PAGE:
It's like an estate out of an elaborate movie where the millionaire hero-tycoon hangs his hat. What more could one want? A 24-by-40-foot living room, huge fireplace, oak floors, exposed beams, leaded windows, and a door leading to a huge terrace outside. The dining room measures 19 by 30 feet. Then there are sundry other rooms, including an 18-by-22-foot kitchen with six-burner electric stove, double ovens, six-burner gas range, and pot closet.
There's even a guesthouse, which, the brochure reports, is "in need of repair."
Repairing the building, no matter what it takes, shouldn't be any problem for the well-heeled buyer of the 65-acre property on Mt. Desert Island, Maine. The price: $650,000. And if you're wondering about taxes, they're $32,963.20 for 1980, based on an assessment of $2,060,200.
Thus, it could be a bargain -- if you've got the cash and credit.
Known as Skylands, the estate was owned by the late Edsel B. Ford, son of Henry Ford and father of Henry Ford II, former chairman of the automobile company of the same name.
Then there's Foxhill in Camden, Maine, offered at $290.000; and an 11-room contemporary in the town of Spruce Head, also in Maine, with an asking price of while the Spruce Head contemporary is under $2,500.
All three properties are on the block by Sotheby Parke Bernet, the prestigious international real-estate company and auctioneer with offices and representatives all over the world.
While the rest of the real-estate market has been sagging badly because of the recession, homes at the top end of the ladder apparently aren't aware of the pinch. All it takes is a large wallet and the right house.
Of course, high-priced property -- that is, selling for $200,000 and up -- is only a drop in the bucket to the real-estate industry, which has been hurting badly for some time now because of sky-high interest rates and sagging employment.
Last year, according to the National Association of Realtors, most of whose members deal in property that is far less dear -- even though high-priced by some standards -- the $200,000-plus market was responsible for a mere 1.5 percent of the 3.7 million homes sold in the United States in 1979 and 6.5 percent of the total dollar volume of $237.6 billion.
Thus, it hardly shows up in the statistics because of its minuscule share.
Nonetheless, the people who deal in the plush-carpet market of $500,000 and $ 1 million estates -- the Edsel Ford property at Seal Harbor, Maine, was only a summer home to the auto magnate -- are decked out in smiles.
George Ballantyne, head of Sotheby Parke Bernet's New England region, says that during the last year the company has doubled the number of properties it has listed for sale and actual sales are up threefold.
Further, he adds: "Sotheby's has finalized the sale of every New England property during its respective listing terms."
Previews Inc., another company that deals in properties that seem out of this world, has come out with its Dream House Catalog, which lists almost any kind of property you might dream about. All it takes is money. The 192-page coated-paper catalog carries a price of $10.95. Another soft-cover book -- 256 pages, this time for $12 -- is called the Previews Guide to the World's Finest Real Estate.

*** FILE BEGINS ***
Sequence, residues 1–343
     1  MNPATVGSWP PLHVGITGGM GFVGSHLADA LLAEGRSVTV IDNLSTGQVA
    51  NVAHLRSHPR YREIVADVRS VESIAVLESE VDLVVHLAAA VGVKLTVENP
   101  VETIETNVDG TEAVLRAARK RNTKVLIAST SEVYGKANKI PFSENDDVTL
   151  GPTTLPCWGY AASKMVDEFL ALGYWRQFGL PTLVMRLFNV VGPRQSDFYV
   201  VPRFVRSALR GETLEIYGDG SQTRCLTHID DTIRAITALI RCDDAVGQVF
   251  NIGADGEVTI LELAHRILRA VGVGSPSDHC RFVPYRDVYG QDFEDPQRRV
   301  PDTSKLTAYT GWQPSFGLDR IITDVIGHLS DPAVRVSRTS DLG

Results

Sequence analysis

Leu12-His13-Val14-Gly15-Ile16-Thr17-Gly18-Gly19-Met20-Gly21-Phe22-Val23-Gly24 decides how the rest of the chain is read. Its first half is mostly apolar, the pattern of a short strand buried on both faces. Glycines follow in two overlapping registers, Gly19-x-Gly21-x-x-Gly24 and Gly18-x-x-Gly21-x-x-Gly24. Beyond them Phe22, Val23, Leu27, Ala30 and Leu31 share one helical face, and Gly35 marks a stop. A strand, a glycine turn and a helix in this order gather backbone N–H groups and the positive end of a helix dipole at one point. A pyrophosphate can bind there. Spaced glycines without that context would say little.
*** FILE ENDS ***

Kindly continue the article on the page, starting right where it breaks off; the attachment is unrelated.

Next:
The guide lists a centuries-old Japanese palace, originally built as part of Japan's Matsuyama Castle on the island of Shikoku, which was disassembled in 1978 by its American owner. The $1.5 million price tag includes reassembly by a team of Japanese shrine builders on a site of the buyer's choosing -- anywhere in the world.
Or there's a horse farm in Ocala, Fla., which includes 2,120 acres, 10 residences, and 12 barns -- all for $12.5 million. You also get a 144-seat theater with projectors.
Indeed, sales seem to be keeping pace with listings.
Sotheby's expects sales in 1980 to hit about $80 million, about double what they were last year.
Selling a mansion -- or whatever it is -- is good business for the prestigious brokers. The average commission is about 10 percent, split down the middle between the local broker who lists the property in the first place and the marketing entity, such as Sotheby's.
Of course, a top-of-the-pile broker may have to wait awhile for a sale. Some properties go fast, while others may take up to a year or longer to sell. After all, it does take a lot of money, or a lot of credit, to nail down a $1 million estate. But with the continuing rise in the number of millionaires in the world , the market potential is broadening all the time.
Sometimes the printer makes a mistake. In a listing for a 2,365-acre tract on the big island of Hawaii, the price is listed as $6.5 million. After all, work had already begun on an 18-hole golf course, so who could quibble over the price? "Large ranch-estates of 40 acres are feasible," says the guide.
But if anyone wanted the property for $6.5 million, it's already too late. A correction came through with the book which reported the correct price at $7 million. Half a million dollars -- poof.
On the other hand, a 3 1/2-acre estate on the Spanish island of Mallorca is listed at $1.1 million, "including all furnishings, equipment, small speedboat, and two automobiles." It doesn't say what make.
Anyway, instead of $1.1 million, the correct price, according to Previews, is
Now that's money in the bank.